## Use the Distributive Property to Simplify

### Learning Outcomes

• Simplify expressions with fraction bars, brackets, and parentheses
• Use the distributive property to simplify expressions with grouping symbols
• Simplify expressions containing absolute values

In this section, we will use the skills from the last section to simplify mathematical expressions that contain many grouping symbols and many operations. We will also use the distributive property to break up multiplication into addition.  Additionally, you will see how to handle absolute value terms when you simplify expressions.

### Example

Simplify $\dfrac{5-[3+(2\cdot (-6))]}{{{3}^{2}}+2}$

The video that follows contains an example similar to the written one above. Note how the numerator and denominator of the fraction are simplified separately.

## The Distributive Property

Parentheses are used to group, or combine expressions and terms in mathematics.  You may see them used when you are working with formulas, and when you are translating a real situation into a mathematical problem so you can find a quantitative solution.

Combo Meal Distributive Property

For example, you are on your way to hang out with your friends, and call them to ask if they want something from your favorite drive-through.  Three people want the same combo meal of $2$ tacos and one drink.  You can use the distributive property to find out how many total tacos and how many total drinks you should take to them.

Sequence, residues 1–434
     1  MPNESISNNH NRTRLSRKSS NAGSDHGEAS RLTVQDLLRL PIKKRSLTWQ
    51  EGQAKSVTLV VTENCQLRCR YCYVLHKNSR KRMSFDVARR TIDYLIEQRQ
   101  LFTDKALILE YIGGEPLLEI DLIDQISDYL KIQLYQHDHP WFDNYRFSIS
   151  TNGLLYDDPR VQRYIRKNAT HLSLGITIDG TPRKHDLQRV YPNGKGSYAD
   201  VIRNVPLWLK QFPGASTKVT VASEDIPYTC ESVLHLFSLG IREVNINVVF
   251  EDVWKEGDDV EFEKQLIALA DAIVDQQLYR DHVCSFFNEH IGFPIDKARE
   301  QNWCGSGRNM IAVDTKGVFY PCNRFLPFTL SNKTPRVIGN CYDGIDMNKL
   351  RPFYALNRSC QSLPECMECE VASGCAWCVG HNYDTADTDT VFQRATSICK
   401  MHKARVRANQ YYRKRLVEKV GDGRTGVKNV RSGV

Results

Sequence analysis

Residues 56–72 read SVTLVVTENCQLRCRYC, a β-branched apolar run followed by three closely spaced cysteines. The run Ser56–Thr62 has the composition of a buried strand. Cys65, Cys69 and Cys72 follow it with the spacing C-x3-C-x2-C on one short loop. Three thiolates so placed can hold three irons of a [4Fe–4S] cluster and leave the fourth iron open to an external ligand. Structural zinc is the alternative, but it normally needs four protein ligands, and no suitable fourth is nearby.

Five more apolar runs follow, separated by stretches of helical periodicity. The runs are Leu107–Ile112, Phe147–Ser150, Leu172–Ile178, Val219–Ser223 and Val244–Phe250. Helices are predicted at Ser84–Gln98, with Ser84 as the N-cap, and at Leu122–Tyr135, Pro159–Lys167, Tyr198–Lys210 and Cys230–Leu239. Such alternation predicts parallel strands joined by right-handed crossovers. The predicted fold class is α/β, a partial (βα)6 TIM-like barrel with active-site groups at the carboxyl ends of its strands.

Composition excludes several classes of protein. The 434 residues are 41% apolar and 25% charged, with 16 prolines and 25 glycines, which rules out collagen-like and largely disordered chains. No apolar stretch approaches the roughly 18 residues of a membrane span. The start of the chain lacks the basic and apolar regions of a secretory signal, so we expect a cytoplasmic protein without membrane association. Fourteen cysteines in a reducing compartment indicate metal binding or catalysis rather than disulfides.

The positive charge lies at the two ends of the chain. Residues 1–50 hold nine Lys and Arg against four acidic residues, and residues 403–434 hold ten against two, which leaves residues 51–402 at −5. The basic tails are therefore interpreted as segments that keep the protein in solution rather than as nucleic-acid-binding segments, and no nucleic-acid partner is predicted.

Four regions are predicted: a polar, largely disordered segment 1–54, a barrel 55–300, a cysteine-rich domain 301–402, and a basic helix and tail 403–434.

$\begin{array}{c}\,\,\,3\left(2\text{ tacos }+ 1 \text{ drink}\right)\\=3\cdot{2}\text{ tacos }+3\text{ drinks }\\\,\,=6\text{ tacos }+3\text{ drinks }\end{array}$

The distributive property allows us to explicitly describe a total that is a result of a group of groups. In the case of the combo meals, we have three groups of ( two tacos plus one drink). The following definition describes how to use the distributive property in general terms.

### The Distributive Property of Multiplication

For real numbers $a,b$, and $c$:

$a(b+c)=ab+ac$.

What this means is that when a number is multiplied by an expression inside parentheses, you can distribute the multiplier to each term of the expression individually.

To simplify  $3\left(3+y\right)-y+9$, it may help to see the expression translated into words:

multiply three by (the sum of three and $y$), then subtract $y$, then add $9$

To multiply three by the sum of three and $y$, you use the distributive property –

$\begin{array}{c}\,\,\,\,\,\,\,\,\,3\left(3+y\right)-y+9\\\,\,\,\,\,\,\,\,\,=\underbrace{3\cdot{3}}+\underbrace{3\cdot{y}}-y+9\\=9+3y-y+9\end{array}$

Now you can combine the like-terms. Subtract $y$ from $3y$ and add $9$ to $9$.

$\begin{array}{c}\color{blue}{9}\color{red}{+3y-y}\color{blue}{+9}\\=18+2y\end{array}$

The next example shows how to use the distributive property when one of the terms involved is negative.

### Example

Simplify $a+2\left(5-b\right)+3\left(a+4\right)$

## Absolute Value

Absolute value expressions are another method of grouping that you may see. Recall that the absolute value of a quantity is always positive or $0$.

When you see an absolute value expression included within a larger expression, treat the absolute value like a grouping symbol and evaluate the expression within the absolute value sign first. Then take the absolute value of that expression. The example below shows how this is done.

### Example

Simplify $\dfrac{3+\left|2-6\right|}{2\left|3\cdot1.5\right|-\left(-3\right)}$

The following video uses the order of operations to simplify an expression in fraction form that contains absolute value terms. Note how the absolute values are treated like parentheses and brackets when using the order of operations.